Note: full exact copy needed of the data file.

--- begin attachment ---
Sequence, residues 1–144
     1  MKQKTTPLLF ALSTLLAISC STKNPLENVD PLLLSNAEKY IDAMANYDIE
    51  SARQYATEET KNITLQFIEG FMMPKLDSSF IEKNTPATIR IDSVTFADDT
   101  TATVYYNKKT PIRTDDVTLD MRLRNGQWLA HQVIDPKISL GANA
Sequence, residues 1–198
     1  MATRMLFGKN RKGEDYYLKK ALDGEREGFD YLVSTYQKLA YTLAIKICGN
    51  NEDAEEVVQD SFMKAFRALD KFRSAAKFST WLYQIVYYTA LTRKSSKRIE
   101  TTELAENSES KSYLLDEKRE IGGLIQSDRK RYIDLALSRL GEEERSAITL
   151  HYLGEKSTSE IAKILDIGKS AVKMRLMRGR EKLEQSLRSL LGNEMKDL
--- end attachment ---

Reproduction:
Sequence, residues 1–144
     1  MKQKTTPLLF ALSTLLAISC STKNPLENVD PLLLSNAEKY IDAMANYDIE
    51  SARQYATEET KNITLQFIEG FMMPKLDSSF IEKNTPATIR IDSVTFADDT
   101  TATVYYNKKT PIRTDDVTLD MRLRNGQWLA HQVIDPKISL GANA
Sequence, residues 1–198
     1  MATRMLFGKN RKGEDYYLKK ALDGEREGFD YLVSTYQKLA YTLAIKICGN
    51  NEDAEEVVQD SFMKAFRALD KFRSAAKFST WLYQIVYYTA LTRKSSKRIE
   101  TTELAENSES KSYLLDEKRE IGGLIQSDRK RYIDLALSRL GEEERSAITL
   151  HYLGEKSTSE IAKILDIGKS AVKMRLMRGR EKLEQSLRSL LGNEMKDL